It was actually apparent from the beginning of Putin’s senseless and immoral war in Ukraine, but the clincher for me was watching video from both Russia and Ukraine on Victory Day—when both countries have historically commemorated defeat of the Nazi war machine in World War II. Like others, I had been inspired by Ukrainian President Volodymyr Zelensky’s courageous engagement with the world through the media. He was an inspiration. From hospital wards to undisclosed bunkers, Zelensky kept up a daily presence on both social media and in traditional outlets.
But the striking contrast between images that emerged from Russia and Ukraine on May 9 drove home the ingenious nature of the Ukrainian President and his advisors’ approach to the media.
There was Moscow’s Red Square—filled with countless soldiers marching in lock-step to show strength and stability to the Russian populace while presenting the hard edge of intimidation to citizens in Ukraine, Europe, the United States and around the world. Ranks of soldiers were followed by lines of heavily armored vehicles rolling menacingly past grandstands filled with rabidly patriotic Russians.
Cut to Kyiv. The camera focuses on a single person, the nation’s President, walking down an empty street in the capital. The setting itself was striking: two months earlier, it was widely assumed that soon the city would fall to an overwhelming Russian onslaught. Bombs exploded nightly and the wail of air raid sirens punctuated fleeting movements and nervous conversations. It was only a matter of time, it was thought, before the city would fall. And yet, on “Victory Day,” Zelensky earnestly strode down a quiet, orderly street. No panic. No urgency.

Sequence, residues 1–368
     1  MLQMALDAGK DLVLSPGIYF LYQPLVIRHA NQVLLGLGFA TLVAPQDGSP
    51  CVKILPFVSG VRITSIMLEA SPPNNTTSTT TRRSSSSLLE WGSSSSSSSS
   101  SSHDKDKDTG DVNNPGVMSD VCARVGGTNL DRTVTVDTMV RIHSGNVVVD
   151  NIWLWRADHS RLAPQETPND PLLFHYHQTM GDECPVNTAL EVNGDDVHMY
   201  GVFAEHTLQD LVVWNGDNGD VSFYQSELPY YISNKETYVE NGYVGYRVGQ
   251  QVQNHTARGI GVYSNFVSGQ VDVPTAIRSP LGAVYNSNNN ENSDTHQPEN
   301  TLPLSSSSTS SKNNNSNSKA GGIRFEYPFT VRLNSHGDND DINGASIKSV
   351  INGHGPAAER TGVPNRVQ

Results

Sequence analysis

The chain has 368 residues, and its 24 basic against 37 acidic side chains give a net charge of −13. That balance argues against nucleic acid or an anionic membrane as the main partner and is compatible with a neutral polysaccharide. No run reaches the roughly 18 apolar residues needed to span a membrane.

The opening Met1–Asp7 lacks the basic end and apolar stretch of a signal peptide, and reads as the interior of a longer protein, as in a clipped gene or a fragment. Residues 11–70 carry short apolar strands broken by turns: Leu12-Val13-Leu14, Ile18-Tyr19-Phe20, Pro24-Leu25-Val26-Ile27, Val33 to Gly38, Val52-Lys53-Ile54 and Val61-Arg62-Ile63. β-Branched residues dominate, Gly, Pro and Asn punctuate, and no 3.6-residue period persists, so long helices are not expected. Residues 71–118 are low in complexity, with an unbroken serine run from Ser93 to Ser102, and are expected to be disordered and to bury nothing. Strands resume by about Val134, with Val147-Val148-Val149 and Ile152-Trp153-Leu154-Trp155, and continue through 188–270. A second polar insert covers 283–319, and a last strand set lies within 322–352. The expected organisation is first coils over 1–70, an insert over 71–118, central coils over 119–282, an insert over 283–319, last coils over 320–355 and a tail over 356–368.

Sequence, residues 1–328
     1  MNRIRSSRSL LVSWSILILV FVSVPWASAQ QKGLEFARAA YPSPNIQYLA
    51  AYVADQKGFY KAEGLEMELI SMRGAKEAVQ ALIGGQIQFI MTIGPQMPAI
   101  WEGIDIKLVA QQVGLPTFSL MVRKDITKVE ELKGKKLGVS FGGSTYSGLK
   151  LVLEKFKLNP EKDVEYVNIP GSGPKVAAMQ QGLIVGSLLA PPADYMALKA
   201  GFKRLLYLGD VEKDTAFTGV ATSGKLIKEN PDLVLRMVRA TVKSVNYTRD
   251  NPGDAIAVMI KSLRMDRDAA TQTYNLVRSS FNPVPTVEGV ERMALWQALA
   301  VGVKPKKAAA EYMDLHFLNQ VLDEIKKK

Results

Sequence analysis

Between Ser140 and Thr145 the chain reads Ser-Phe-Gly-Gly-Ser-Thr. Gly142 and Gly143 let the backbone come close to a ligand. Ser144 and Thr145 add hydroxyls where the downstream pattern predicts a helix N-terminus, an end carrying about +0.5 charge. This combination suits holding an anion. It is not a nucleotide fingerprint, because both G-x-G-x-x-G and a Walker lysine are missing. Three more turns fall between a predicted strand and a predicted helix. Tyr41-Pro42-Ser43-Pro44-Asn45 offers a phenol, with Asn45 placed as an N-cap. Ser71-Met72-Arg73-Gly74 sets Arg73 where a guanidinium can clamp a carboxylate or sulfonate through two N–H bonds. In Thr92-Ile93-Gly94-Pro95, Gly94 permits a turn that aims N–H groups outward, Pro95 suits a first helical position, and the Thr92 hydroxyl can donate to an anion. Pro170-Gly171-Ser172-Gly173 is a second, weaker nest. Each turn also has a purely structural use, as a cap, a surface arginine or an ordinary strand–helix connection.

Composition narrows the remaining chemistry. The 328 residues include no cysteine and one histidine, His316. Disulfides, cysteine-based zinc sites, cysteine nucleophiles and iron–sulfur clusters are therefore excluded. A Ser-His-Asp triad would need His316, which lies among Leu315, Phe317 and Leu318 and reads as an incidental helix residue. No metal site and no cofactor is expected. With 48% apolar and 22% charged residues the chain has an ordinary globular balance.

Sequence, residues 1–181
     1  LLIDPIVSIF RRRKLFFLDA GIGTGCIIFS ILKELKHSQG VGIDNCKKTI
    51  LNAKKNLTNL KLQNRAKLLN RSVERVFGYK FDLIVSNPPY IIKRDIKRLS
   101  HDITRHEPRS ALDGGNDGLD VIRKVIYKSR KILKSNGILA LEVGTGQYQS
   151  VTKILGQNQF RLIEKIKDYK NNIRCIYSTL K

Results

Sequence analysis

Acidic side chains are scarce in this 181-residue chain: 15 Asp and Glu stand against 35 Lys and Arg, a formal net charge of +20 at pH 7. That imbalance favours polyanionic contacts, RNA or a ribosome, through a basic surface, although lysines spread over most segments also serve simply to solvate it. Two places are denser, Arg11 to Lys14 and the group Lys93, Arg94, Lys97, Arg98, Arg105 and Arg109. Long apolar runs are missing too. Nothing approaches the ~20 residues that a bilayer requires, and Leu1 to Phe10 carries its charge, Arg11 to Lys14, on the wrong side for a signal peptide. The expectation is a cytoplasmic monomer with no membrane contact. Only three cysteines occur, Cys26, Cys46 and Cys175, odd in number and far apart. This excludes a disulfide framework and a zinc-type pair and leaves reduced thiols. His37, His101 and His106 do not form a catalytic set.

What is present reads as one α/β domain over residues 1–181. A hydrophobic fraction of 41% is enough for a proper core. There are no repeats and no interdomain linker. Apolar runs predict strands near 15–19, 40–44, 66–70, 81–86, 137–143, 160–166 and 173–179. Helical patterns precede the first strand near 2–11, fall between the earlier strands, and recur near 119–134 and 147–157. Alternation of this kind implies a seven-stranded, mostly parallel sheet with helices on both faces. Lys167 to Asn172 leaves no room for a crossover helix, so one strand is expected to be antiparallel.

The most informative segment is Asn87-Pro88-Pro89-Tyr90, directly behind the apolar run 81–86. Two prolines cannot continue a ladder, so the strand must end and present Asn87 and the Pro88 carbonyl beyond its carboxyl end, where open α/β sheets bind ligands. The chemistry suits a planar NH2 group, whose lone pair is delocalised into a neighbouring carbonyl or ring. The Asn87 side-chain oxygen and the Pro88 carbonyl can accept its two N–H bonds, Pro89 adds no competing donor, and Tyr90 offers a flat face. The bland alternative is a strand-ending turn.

It was a brilliant strategy. Ukraine cannot match Russia’s massive power; so instead, feature just the opposite—a single individual—no guns, no flags, no pomp and circumstance. Just President Zelensky walking by himself down the street (notice how the camera follows his movement, as nothing distracts the viewer from focusing on Zelensky’s determined expression to represent his besieged country on this important date in European history).
George Melnyk, writing in the Globe and Mail, says, “Mr. Zelensky speaks with a passionate intensity that is captivating to viewers. There is nothing in the image on the screen to distract from our eye contact with his face…He projects sincerity, intensity and a genuine love for his country and people. His opponent, Russian President Vladimir Putin, projects a different kind of image. The photos of him that are released show him distant and alone, often seated at a long table with his one or two visitors at the far end. Contrast this with Zelensky, who’s always one touch away on your phone. You see him talking to soldiers, visiting hospitals, directly appealing to the world. His message is one of collaboration, shared goals, and team-building.”
Zelensky is not only providing a role model for a war-time leader, according to Alen Bubich in Fortune, “he is also delivering a master class in crisis communications…[Putin] is a classic old-school manager: dour, stiff, and remote. He shows no emotion. He shares no personal details. It’s hard to cheer for someone you know nothing about.
“Zelensky, by comparison, casts himself as an open book. In the age of social media, it’s a losing proposition to keep the personal divorced from the professional. Zelensky spent his life as an actor. Putin plays the perfect villain. However, the Ukrainian president is showing how a modern leader can rally others to his side through a simple message of humanity and shared mission—and savvy in communicating that to the world.”
Melnyk asks a rhetorical question and then offers an answer that is being borne out day after day on the ground in Ukraine: “In the midst of war, does image really matter? It does when it raises morale, wins friends, influences other leaders and offers hope to the suffering. It can even change the military situation on the ground against impossible odds.”